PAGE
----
Technology Transmission tower - Courtesy of Shutterstock

Published on May 15th, 2013 | by KateSimmons

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Why Extending Cell Coverage Can Change Lives

One might not think that the jungles of the Congo and rural Alabama have a lot in common, but there is one key similarity between the two places which links them together in the strangest of ways: they are two places where it is difficult to receive a phone signal. Why is this important? Well we live in an interconnected technological world, and many rural areas all over the globe are missing out on the benefits of being connected. Spending money on extending cell phone coverage does not seem to be the most important task in the world, in places like the war-ravaged Congo, yet the positive knock-on effects from having telephone and mobile internet access are actually huge. Extending mobile telecommunication access can help enrich areas economically, culturally and academically—ensuring a brighter future for the who live there.

Transmission tower - Courtesy of Shutterstock

Transmission tower – Courtesy of Shutterstock

Why phone access matters, and why it is so hard to achieve

Africa is the next big market for mobile communication companies, yet there is a serious divide on the continent between towns and the countryside. Reception is a constant problem for phone owners across much of Africa, as phones can become useless less than a mile out of town or city centres. Because of this, Africans who do own phones often own multiple sim cards to heighten their chance to receiving a signal. Yet this system is bad for telecoms companies and it is bad for consumers, as the multiple sim-card system means that companies are confused about levels are market penetration while at the same time phone users are not getting the best deal. It also perpetuates the problem of rural access: companies are too focused on building there urban businesses and are not yet willing to invest in extending coverage out into less populated areas.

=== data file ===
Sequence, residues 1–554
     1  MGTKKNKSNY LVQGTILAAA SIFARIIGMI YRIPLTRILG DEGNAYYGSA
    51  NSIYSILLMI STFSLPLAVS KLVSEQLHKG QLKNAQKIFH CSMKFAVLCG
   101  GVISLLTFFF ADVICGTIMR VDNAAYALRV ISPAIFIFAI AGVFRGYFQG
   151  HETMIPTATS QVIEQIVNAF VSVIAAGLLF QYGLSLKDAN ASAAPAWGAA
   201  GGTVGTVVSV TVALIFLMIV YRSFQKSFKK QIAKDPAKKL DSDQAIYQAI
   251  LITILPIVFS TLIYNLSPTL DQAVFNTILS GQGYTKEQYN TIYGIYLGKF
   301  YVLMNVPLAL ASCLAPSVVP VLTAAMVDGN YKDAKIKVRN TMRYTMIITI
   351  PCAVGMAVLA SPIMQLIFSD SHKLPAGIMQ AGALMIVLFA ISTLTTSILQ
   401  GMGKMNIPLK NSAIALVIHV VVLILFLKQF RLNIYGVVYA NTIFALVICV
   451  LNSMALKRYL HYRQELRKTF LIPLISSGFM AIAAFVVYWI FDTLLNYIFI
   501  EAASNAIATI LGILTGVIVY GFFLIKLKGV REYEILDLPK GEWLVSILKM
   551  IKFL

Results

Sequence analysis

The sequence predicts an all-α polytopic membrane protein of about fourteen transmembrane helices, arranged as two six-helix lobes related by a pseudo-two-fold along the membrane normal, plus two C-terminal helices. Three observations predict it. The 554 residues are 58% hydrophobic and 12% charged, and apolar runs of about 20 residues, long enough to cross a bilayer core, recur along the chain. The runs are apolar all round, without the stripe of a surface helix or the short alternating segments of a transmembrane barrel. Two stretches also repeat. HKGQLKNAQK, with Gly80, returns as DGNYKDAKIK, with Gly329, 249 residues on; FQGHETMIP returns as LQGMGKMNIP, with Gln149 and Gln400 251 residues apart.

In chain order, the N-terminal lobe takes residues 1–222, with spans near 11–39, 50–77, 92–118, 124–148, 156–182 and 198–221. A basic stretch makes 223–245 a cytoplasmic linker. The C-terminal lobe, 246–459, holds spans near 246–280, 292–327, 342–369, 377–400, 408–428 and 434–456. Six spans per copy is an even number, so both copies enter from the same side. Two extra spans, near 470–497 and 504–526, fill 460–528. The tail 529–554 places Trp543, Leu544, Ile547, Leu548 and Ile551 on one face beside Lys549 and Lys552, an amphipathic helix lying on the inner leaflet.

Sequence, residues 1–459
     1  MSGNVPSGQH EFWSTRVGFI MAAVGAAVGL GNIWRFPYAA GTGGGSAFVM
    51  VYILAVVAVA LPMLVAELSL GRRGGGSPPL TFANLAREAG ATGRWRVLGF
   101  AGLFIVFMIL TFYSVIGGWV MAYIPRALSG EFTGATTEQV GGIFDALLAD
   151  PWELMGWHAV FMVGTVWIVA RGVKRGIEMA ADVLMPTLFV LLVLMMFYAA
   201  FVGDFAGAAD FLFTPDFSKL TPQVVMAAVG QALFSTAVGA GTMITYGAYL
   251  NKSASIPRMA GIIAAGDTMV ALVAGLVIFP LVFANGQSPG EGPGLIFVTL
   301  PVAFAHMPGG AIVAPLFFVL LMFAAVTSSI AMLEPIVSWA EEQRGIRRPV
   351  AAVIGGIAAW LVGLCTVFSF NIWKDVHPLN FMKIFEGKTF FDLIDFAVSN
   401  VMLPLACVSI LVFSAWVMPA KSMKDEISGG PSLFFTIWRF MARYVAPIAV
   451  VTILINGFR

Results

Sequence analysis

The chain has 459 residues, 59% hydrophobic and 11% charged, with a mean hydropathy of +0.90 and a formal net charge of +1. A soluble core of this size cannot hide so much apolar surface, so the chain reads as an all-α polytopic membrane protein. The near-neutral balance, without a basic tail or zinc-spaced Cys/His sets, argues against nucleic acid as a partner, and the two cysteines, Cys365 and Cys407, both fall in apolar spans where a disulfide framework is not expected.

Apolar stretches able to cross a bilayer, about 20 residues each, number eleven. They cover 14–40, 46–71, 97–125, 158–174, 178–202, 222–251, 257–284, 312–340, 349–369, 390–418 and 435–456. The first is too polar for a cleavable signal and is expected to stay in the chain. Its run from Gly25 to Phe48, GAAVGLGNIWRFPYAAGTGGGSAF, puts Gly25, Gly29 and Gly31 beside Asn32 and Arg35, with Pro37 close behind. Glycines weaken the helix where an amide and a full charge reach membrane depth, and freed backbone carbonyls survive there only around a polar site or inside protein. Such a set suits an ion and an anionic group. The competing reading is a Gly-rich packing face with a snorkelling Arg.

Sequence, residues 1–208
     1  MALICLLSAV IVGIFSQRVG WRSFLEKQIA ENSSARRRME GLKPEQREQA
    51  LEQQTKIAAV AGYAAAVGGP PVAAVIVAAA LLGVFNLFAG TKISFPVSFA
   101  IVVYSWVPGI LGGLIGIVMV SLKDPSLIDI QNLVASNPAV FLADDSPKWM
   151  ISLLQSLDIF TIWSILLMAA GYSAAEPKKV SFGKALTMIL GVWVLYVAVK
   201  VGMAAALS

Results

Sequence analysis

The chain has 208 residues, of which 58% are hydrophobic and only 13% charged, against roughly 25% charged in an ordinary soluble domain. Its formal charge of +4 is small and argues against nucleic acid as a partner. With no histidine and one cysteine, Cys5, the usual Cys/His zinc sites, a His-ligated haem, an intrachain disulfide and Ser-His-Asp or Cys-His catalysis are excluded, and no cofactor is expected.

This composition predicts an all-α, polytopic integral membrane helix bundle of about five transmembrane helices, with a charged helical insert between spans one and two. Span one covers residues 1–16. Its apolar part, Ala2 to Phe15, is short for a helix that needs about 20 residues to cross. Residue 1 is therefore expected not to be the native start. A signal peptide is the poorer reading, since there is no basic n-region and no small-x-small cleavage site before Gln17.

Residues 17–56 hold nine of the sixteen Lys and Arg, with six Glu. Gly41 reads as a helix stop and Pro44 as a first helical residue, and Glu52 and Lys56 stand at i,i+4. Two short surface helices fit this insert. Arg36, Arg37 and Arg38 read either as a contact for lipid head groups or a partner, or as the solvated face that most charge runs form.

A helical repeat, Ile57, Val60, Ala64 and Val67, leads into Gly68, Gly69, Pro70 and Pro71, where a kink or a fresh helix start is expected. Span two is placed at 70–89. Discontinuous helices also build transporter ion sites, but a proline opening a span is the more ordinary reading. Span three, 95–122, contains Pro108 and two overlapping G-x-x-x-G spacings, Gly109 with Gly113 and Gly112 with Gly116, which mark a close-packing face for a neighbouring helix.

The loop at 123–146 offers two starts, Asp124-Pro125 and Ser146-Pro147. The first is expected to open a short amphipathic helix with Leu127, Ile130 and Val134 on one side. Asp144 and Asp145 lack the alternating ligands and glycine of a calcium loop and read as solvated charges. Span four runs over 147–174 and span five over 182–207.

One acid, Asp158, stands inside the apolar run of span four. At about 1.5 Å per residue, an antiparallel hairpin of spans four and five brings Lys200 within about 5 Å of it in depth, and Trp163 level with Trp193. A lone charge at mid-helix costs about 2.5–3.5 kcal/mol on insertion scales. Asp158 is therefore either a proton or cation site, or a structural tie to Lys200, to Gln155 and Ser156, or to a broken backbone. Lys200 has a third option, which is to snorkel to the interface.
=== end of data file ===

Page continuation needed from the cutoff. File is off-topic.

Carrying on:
Getting mobile internet into schools and businesses

Battery-powered devices like smartphones are actually preferable to computers in many areas of Africa because they do not need a constant supply of electricity and last longer than laptops between charges—something which is extremely useful in areas were electricity is not always reliable. Many micro-finance companies have been helping villages band together to buy a shared smartphone for education and commercial purposes, but this noble scheme still has the problem that many villagers need to walk for several miles to even use the phone. The applications of just one smartphone in a village are massive: children can learn, farmers can get information about the weather and businesses can call clients instead of walking or paying for buses to meet them in the nearest town or city. But without extended signal coverage, these benefits can’t be truly realised.

Bringing life back to isolated communities

Again, it is not just the developing world that can benefit from increased cell phone coverage. Large pockets of the rural south in the USA are often without reception, let alone wireless internet, and in such places doing business can be tough. There is also a danger element: many small villages in the tornado belt do not get cell phone coverage and therefore there is often a time-lag when attempting to warn such communities about impending disasters. Many of these communities are often economically deprived, and problems with communications make it hard for small businesses to grow and flourish in said places—furthering economic stagnation.

The tech side to cell coverage

Most communication companies have been wary of investing in rural areas because the potential subscribers gained do not immediately warrant the cost in installing expensive phone masts and towers. One way around this cost barrier is the idea of using mini-towers and private wireless networks such as the planned picocell network in the Congo by RascomStar, but even then there are worries about cost and feasibility. In the long term however, all the above reasons for expanding cell coverage should be taken into account. While investing in cell phone coverage and phone towers might not bring a short-term return, it is a long-term investment that will eventually yield rewards.

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About the Author

Kate Simmons is a freelance writer and occasional blogger. If her article got you interested, feel free to follow or reach out to her via G+ or Twitter.



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